The film, narrated by actor Richard Gere, is undertaken in conjunction with Asia Society Museum, which has organized an exhibition entitled Pilgrimage and Buddhist Art, the first-ever exhibition examining artistic production inspired by sacred sites and the practice of Buddhist pilgrimage in Asia.

Grubin, who directed the critically acclaimed series of films on American presidents including “LBJ,” “FDR” and “Truman” as well as other award-winning series such as THE JEWISH AMERICANS, THE SECRET LIFE OF THE BRAIN and NAPOLEON, tells the story of the Buddha through ancient artwork that depicts the various stages of Siddhartha’s journey, contemporary animation that vividly portrays the legends surrounding the Buddha and contemporary footage of northern India, where many of the religious rituals from the Buddha’s time are still practiced today.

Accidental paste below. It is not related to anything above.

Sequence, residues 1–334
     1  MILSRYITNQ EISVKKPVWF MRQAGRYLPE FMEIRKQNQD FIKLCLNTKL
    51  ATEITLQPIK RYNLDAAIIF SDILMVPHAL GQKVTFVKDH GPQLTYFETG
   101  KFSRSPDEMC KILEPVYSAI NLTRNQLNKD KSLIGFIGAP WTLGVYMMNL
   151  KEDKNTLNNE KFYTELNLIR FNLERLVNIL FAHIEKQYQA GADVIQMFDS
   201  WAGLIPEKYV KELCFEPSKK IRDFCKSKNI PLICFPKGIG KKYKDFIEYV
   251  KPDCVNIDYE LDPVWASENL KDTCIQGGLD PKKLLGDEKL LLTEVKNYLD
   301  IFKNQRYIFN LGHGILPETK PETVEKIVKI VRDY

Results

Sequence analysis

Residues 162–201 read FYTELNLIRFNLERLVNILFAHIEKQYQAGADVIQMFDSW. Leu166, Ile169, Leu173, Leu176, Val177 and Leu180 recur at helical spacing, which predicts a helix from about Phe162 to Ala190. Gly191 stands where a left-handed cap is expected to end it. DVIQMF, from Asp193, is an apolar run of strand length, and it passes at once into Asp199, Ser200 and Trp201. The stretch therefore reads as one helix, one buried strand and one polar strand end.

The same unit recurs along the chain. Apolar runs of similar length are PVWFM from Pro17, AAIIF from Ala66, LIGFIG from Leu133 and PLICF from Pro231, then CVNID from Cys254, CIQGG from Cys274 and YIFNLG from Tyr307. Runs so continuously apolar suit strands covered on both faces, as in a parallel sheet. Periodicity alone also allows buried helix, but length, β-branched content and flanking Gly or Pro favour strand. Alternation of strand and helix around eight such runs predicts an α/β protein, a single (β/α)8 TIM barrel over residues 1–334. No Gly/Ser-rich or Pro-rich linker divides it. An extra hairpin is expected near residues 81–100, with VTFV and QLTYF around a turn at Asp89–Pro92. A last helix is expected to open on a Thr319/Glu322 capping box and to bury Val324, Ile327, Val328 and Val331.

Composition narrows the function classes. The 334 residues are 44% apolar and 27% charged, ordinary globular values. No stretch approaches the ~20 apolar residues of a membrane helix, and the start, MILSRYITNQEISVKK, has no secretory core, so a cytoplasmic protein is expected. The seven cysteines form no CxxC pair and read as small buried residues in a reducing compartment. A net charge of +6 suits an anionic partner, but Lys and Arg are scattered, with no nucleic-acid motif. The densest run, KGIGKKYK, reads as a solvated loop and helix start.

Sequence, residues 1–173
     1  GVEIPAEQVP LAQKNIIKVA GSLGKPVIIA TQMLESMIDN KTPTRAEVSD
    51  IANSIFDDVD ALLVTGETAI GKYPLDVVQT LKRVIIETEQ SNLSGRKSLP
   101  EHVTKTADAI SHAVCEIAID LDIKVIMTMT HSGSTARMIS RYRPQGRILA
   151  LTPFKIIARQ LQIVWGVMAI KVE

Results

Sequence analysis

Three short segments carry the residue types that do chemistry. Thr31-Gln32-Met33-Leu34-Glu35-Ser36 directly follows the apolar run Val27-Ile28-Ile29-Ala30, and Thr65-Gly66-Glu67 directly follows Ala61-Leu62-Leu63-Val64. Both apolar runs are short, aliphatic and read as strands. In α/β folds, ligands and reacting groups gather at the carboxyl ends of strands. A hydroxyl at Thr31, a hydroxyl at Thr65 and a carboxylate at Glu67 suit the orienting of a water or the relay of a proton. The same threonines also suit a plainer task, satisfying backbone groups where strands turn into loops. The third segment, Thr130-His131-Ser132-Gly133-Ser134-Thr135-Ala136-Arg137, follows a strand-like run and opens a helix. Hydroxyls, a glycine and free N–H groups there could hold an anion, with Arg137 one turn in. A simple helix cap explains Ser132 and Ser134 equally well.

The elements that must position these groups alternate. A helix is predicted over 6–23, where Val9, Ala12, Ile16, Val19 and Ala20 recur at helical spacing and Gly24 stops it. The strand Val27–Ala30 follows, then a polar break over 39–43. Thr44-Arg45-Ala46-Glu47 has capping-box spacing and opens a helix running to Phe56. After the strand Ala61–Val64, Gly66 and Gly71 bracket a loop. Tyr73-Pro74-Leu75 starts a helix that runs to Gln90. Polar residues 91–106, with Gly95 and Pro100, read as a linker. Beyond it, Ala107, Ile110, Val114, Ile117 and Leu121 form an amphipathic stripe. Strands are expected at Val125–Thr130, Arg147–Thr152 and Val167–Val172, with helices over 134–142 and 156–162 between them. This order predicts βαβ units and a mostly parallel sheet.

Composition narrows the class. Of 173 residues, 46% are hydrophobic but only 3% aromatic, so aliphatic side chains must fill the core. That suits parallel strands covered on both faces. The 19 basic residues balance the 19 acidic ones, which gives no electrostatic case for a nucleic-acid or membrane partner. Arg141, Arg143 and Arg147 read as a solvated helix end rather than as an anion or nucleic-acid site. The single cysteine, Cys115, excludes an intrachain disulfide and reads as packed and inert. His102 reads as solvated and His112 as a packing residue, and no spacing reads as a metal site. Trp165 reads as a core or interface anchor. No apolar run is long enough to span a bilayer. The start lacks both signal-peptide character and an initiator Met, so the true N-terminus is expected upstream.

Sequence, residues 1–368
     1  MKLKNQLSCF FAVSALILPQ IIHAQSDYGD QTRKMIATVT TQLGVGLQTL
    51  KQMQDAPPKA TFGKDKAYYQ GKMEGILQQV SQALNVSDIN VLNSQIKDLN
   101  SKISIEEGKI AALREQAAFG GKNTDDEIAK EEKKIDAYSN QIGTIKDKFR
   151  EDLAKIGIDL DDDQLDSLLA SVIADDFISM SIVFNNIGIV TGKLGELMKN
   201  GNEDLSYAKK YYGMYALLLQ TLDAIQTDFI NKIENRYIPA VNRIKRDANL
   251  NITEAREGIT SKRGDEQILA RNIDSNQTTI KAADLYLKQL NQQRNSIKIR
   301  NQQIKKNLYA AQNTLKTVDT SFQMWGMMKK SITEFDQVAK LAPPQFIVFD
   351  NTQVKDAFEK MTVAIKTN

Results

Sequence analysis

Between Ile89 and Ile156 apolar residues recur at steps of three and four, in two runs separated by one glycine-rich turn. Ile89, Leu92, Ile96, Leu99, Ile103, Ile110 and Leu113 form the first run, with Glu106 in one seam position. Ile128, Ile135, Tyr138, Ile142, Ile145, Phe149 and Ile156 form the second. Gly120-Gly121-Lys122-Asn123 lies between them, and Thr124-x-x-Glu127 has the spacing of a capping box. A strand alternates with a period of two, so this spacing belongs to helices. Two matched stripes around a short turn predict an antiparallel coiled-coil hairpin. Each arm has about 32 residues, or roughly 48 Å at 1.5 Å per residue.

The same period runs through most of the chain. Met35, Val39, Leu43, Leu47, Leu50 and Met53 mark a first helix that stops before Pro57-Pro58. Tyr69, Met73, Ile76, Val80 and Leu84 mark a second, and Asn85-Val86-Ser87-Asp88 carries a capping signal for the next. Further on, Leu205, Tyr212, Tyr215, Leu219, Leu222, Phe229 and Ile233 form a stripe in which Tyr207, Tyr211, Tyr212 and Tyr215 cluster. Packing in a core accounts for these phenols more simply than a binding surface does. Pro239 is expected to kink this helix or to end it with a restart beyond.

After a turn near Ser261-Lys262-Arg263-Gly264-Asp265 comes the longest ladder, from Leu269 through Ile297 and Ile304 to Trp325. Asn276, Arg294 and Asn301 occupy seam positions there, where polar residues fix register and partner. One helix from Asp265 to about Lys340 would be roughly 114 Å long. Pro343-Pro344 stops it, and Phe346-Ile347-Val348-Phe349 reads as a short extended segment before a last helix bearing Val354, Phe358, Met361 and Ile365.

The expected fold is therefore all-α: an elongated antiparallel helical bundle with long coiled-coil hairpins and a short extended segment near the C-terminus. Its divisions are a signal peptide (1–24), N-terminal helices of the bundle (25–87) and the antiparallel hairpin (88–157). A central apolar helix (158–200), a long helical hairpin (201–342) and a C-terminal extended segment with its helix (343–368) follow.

Experts on the Buddha, representing a variety of disciplines, relate the key episodes of the Buddha’s life and reflect on what his journey means for us today. They include His Holiness the Dalai Lama; poets Jane Hirshfield and W.S. Merwin; scholars Robert Thurman, Kevin Trainor and Dr. Max Moerman; astrophysicist Trinh Xuan Thuan; and psychiatrist Mark Epstein, as well as practicing Buddhist monastics.

“By continuing our exploration of the world’s religions, we are delighted to participate in broadening people’s understanding of Buddhism today with David Grubin’s moving portrait of the life of the Buddha,” said John F. Wilson, PBS senior vice president and chief TV programming executive. “This film exposes not just the man, but also his rich teachings, which we hope will spark a larger conversation about religion and spirituality.”

Music for Today:  Edge of the Ocean (featuring Ivy), Ivy (The Best of Chillout Past and Present, 2004)

Happy Palindrome Day – A Day Late ;)

Music for today:  She Wolf, Shakira (She Wolf, 2009)